New here! Surgery fears

Hi everyone, I am a 45 year old male who has been able to feel the styloid next to me left jaw grow longer over the last decade or more. Symptoms are unclear as I have always had neck pain, have high BP (treated), and trouble swallowing dry foods - but I also have large tonsils which narrow my esophagus. I do get very occasional heart palpitations but doctors say likely related to Amlodipine. And, I’m a rare bird that has far higher BP in winter than summer. Makes me wonder if the temperature fluctuation causes my vegas nerve to touch the styloid OR interfere with the carotid. At the end of day, it’s being able to touch it and know it’s far too long which took me to seek help. Have a CT scheduled with contrast to watch blood flow etc.

With young kids at home, I’m somewhat terrified of the surgery. In Minnesota, there’s real only two doctors with experience. One does intraoral and just breaks it. The other does extra oral and removes at the base.

Any advice from someone else with young kids? The thought of something happening to me devastates me to think about how they would feel.

Help me out. Which surgery is safer?

Having external surgery gives the surgeon better vision & means that they can usually remove more. With intra-oral surgery generally less can be removed, there’s more risk of infection & it can be a tougher recovery. If the styloid is just snapped off, that’s a big no-no, as the end can still be sharp & can cause more damage. Some surgeons we’ve heard even leave the piece in which is terrible as it could cause even more damage. So given a choice, I’d go for external if the surgeon has experience.
anharris has had external surgery with Dr Omilie recently; you could message her to find out her experience, if you search for Dr Omilie in the past discussions you can see her story.
It’s understandable to be concerned about surgery, as all surgeries have risks, especially in the neck area, but if a CT with contrast shows there’s some compression of the arteries then equally leaving it in is a risk too.
We have seen members recently who’ve had Vagus nerve issues through ES; there are quite a few symptoms that can cause, palpitations being one of them, so that’s possible…
I hope that this helps!

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Hi @biggiestyloid!

Welcome to our forum! Your fears are well founded as ES surgery is not for the faint of heart, however, when done by an experienced surgeon, it is quite a successful surgery & the risks of surgical complications are reduced. Dr. Omilie has done ES surgery for several of our members, & I believe they are all happy with their outcomes. Research the posts as Jules suggested, & you can even PM the forum members who’ve had him do their surgeries to get more personal stories. Just click on the screen name of the person you want to PM as it appears above one of their posts & that will take you to a page where you can send a private message.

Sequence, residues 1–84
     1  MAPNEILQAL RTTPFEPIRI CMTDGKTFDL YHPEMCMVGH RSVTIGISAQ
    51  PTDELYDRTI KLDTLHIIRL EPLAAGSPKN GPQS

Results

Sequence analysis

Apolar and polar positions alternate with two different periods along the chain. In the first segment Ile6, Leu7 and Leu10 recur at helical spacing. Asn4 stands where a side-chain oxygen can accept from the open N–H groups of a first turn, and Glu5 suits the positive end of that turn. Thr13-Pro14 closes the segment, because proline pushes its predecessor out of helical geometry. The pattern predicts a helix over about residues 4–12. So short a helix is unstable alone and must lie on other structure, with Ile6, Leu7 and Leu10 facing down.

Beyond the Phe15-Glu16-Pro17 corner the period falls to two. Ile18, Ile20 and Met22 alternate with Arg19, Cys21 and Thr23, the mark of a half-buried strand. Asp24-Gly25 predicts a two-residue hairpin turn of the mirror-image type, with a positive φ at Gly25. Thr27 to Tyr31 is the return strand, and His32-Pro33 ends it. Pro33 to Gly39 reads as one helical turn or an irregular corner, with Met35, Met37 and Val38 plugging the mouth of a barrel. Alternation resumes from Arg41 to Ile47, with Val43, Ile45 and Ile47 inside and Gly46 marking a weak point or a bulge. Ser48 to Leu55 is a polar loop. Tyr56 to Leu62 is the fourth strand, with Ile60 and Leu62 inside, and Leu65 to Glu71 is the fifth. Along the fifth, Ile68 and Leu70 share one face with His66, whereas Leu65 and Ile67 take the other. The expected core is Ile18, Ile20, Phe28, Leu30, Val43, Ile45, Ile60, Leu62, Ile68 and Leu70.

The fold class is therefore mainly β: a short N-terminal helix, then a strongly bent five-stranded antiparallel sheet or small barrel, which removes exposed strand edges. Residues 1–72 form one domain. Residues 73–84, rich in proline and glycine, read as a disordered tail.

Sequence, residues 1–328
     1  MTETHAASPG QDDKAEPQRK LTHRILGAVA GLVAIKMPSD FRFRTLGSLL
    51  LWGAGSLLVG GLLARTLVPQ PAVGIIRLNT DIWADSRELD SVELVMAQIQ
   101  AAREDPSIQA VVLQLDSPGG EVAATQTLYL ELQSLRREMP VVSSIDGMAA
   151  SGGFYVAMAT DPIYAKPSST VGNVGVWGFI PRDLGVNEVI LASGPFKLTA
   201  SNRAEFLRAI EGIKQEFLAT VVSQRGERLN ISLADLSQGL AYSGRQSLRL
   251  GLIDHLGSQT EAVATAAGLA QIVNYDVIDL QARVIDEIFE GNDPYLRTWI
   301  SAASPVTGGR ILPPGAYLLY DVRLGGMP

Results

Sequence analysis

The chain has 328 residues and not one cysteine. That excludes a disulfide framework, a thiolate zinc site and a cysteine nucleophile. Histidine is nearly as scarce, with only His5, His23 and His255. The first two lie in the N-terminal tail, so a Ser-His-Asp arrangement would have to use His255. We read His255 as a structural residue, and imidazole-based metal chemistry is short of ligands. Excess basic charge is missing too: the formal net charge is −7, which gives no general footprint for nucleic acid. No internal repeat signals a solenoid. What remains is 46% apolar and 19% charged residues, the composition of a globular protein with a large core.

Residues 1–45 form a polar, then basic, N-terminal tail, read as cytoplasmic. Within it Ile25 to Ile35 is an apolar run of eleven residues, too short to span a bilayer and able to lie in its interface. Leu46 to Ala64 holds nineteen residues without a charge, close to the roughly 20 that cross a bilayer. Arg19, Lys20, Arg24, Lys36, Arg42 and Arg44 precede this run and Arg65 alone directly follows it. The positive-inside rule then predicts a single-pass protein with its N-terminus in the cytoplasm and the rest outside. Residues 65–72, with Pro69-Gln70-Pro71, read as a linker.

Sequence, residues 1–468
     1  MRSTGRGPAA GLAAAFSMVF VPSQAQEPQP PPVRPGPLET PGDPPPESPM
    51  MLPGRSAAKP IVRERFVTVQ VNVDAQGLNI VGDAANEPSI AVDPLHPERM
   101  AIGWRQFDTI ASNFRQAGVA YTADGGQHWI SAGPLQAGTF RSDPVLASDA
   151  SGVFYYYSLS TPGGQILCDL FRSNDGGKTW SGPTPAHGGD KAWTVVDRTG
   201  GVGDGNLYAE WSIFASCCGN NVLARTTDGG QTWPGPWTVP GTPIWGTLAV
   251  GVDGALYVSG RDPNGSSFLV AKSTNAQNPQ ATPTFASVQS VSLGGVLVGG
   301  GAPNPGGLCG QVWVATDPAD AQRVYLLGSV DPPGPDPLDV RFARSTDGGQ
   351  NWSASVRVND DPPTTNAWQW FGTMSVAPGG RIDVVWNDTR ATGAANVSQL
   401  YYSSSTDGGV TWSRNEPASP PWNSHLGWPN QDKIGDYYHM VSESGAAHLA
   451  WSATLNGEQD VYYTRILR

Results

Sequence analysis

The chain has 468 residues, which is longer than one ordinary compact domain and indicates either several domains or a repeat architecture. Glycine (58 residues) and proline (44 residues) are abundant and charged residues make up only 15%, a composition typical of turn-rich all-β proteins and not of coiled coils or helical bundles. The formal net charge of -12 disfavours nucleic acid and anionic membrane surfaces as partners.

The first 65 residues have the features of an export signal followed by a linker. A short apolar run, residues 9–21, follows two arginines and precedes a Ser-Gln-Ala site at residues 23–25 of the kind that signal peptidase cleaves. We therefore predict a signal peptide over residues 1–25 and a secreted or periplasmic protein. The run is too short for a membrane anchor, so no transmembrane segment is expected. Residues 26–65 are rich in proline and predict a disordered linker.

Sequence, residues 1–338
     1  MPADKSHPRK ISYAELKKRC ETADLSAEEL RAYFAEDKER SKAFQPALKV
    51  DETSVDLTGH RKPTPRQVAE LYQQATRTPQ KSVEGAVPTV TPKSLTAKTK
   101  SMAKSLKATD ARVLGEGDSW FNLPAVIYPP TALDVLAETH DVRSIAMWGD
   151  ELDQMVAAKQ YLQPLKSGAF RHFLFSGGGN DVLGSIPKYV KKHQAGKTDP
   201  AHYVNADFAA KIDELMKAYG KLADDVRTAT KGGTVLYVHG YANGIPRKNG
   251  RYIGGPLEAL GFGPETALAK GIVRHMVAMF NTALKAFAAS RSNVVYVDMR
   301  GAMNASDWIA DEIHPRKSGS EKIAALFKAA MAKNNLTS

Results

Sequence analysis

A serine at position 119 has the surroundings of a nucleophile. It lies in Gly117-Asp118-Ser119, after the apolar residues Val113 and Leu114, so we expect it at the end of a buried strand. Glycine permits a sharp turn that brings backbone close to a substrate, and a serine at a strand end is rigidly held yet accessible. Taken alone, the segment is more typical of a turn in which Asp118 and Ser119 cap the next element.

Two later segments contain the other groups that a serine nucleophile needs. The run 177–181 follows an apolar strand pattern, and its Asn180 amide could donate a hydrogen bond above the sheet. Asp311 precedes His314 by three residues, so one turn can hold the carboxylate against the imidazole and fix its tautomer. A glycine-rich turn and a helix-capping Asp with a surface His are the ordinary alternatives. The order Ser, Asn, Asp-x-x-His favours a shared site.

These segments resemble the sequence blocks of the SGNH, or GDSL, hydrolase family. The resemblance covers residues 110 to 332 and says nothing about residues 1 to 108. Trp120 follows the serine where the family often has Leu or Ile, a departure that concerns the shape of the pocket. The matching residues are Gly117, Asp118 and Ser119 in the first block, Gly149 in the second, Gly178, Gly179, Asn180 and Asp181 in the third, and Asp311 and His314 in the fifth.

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Hi Biggie,
I personally chose to external surgery as I felt it was an easier recovery. I generally had a good experience and was pretty functional within a few days although I really needed 3 weeks to fully function. I laid around alot but could do things around the house. If you have a wife or family to help out for a couple weeks, you should do just fine. Ive had over 20 surgeries in my life and this one was a walk in the park compared to some Ive had. Every surgery has its risks but you are young. This is why I try to go to the most experienced surgeon as I believe lowers any risks. I believe in stacking the deck in my favor. I chose to fly out of state.

Prior to this surgery, I did a living will in the event something happened to me as I have an adult daughter who is disabled from a medical condition. I am her caregiver as well. Luckily her older brother lives with us and can help if something ever happens to me.
As for kids, I was a single parent of 3 young kids and put off some medical treatment until they got older because I didn’t have an ex-husband who was competent to care for them and family was at other end of country.
I went with external approach because of faster recovery. I had my tonsils out when I was 17 and it was extremely painful, so much so, they had to keep me in hospital a couple days. That alone helped me to decide which approach. Hope that helps